In an article written for a December 2007 performance of Handel’s Messiah in Leeds Town Hall, Simon Wright considers some of the problems to be faced when performing music of Handel’s time.
What Mr Handel expected, not what Mr Handel wrote
Welcome to Handel’s Messiah. Tonight we will be performing this masterpiece of the Baroque age at modern pitch and with modern instruments but, I hope, in a style based on the performance practice of the mid-18th century. We can learn an enormous amount about the performance practice of the day from various treatises written at the time – CPE Bach’s Essay on the true art of playing keyboard instruments (1753) and Leopold Mozart’s A Treatise on the fundamental principles of violin playing (1756), to name but two. These books teach us not only about the technical demands of playing the instruments but also how the music of the time was performed.
Writing Messiah in 1742, Handel did not have the benefit of computer programmes to help him prepare a score and parts for the choir and orchestra, these were all written by hand and so, naturally, a little ‘musical shorthand’ to save time came in useful. To explain this, we have to look no further than the opening bars. The overture starts with a slow section with a predominantly dotted rhythm:
To an 18th century performer this would automatically register as a ‘French ouverture’ style of writing and he would perform this converting all the quavers into semiquavers. We also know that, because of the string bowing used at the time, there would have been gaps between the long and short notes and so we can be certain that these bars would have been performed like this:
This saved Handel having to write rests or another tail on the short note, thus saving time and valuable ink!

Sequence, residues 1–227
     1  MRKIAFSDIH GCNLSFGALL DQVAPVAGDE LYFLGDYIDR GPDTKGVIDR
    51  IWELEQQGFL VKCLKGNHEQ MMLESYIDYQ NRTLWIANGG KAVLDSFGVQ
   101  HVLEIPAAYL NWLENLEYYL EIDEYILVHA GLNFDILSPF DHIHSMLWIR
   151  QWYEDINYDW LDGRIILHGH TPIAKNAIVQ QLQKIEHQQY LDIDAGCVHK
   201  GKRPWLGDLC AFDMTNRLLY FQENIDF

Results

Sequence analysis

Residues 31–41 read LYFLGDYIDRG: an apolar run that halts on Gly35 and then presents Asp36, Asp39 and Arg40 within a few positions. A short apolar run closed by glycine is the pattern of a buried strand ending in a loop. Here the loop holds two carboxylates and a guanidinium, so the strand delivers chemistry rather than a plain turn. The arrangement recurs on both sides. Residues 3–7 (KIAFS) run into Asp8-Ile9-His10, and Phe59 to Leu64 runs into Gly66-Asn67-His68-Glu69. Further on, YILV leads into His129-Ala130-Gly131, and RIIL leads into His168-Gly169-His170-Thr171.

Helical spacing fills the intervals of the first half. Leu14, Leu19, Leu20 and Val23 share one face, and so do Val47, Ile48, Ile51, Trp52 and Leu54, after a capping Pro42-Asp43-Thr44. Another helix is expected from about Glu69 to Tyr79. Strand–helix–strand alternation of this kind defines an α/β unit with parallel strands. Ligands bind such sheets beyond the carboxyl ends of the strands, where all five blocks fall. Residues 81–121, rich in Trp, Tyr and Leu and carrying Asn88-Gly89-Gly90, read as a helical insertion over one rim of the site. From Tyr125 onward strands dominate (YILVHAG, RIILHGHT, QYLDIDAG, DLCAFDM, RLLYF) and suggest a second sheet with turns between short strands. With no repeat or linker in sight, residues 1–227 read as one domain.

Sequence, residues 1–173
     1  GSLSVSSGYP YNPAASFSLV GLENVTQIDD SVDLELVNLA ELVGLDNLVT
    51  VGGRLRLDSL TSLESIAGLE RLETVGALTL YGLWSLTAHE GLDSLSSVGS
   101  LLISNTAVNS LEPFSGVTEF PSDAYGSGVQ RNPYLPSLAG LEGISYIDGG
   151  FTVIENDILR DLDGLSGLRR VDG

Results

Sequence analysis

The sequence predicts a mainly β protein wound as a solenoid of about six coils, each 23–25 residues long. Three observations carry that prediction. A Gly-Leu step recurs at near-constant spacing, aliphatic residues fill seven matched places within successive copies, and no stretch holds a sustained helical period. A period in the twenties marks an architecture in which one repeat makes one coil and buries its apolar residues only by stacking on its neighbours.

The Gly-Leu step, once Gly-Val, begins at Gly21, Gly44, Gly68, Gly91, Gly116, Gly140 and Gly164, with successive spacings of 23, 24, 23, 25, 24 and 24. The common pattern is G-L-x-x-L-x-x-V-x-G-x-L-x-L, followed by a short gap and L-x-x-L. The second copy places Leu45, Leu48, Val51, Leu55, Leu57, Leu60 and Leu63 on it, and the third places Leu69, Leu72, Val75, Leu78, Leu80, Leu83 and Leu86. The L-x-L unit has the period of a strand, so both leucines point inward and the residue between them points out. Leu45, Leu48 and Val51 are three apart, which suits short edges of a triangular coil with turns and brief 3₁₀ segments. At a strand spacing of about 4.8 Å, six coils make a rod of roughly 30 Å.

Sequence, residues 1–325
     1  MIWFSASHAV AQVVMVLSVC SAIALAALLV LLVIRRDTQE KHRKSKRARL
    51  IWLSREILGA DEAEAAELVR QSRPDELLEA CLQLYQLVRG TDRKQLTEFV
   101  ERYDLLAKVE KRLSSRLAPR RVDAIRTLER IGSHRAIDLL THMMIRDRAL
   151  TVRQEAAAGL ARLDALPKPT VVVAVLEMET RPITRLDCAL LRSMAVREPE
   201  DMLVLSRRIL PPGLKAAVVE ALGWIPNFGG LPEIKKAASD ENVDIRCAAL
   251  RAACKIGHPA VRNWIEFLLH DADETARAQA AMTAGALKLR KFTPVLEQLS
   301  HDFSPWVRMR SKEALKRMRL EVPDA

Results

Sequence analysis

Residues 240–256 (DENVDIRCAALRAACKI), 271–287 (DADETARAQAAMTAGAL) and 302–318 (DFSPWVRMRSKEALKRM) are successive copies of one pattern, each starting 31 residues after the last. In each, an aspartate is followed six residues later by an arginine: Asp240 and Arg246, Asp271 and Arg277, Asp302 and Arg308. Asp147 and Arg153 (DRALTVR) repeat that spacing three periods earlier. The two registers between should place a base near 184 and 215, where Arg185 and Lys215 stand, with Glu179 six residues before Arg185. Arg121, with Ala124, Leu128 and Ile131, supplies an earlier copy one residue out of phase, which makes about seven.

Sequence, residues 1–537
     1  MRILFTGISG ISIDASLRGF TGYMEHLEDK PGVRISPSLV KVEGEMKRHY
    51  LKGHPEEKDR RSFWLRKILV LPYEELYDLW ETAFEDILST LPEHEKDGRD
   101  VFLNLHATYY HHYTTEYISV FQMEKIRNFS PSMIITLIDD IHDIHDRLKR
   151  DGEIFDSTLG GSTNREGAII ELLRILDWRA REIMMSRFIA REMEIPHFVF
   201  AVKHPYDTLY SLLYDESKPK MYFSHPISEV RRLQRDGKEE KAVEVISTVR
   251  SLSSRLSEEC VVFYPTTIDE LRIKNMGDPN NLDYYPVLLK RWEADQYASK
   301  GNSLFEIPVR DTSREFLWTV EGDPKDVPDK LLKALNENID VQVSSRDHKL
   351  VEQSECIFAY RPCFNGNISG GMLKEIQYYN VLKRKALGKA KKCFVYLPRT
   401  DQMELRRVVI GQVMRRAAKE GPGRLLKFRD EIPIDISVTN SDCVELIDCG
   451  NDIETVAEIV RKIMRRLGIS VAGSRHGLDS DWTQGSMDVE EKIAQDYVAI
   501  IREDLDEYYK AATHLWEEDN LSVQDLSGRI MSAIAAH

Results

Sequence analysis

Another well-known convention comes in music written in triple time. The hemiola is a rhythmic adjustment (usually at cadences) of two bars of three beats, where the stress is on the start of each bar. We then turn the six beats into three bars of two with the stress every two beats. The first chorus of Messiah (And the glory of the Lord) demonstrates the hemiola. Handel wrote:
and we perform:
thus giving us a musical stress on the important words and syllables Lord, be and veal and avoiding the stress on the unimportant re in the original.
Amongst singers, players, editors and conductors there will always be differences of opinions in deciding what Handel intended his music to sound like and for tonight’s performance I have based much of what you will hear on the excellent Watkins Shaw edition of 1965. However, for those who know this edition intimately, there will be a few surprises. I have shortened many final notes of phrases. There are three main reasons for this. Firstly, many final notes are sung to unimportant syllables and to hold on to them for the full length that Handel wrote seems unnecessary. Secondly, whilst these notes are being sung, something else is happening in the score which deserves to be heard. One example of this is in the first chorus:
The final notes for the chorus are sung to unimportant syllables and at the same time the violins are playing the main theme of the movement, so it seems sensible to make the last chorus note shorter to allow the violins to be heard more easily. Thirdly, bearing in mind the fairly generous acoustic of the Town Hall, shortening notes will, I hope, help the clarity of the performance.
Watkins Shaw changed some of the rhythms in his edition (such as the overture above) but I have gone further and many may occasionally be startled at what they hear. For instance, in Behold the Lamb of God, Shaw has dotted most of the movement but left some notes even:
We will be dotting those notes marked with a cross in the final bar because I feel that is what Handel would have wanted. I may be wrong, but the privilege of being able to decide such things, as somebody must, comes with the honour of conducting such a great work.
There are other changes that many of you will notice but it would be spoiling the fun if I revealed them all here, you will have to listen for them! Just a warning – some changes may catch out any audience member who is quietly singing or humming along. You can, however, be assured that any changes to what Handel actually wrote have been made not on a whim but in the belief that Handel would both have approved and expected such changes to be made.
© Simon Wright 2007
Leeds Festival Chorus
You are free to use this article for any non-commercial purpose, provided both the author and Leeds Festival Chorus are credited. For commercial exploitation please contact email@example.com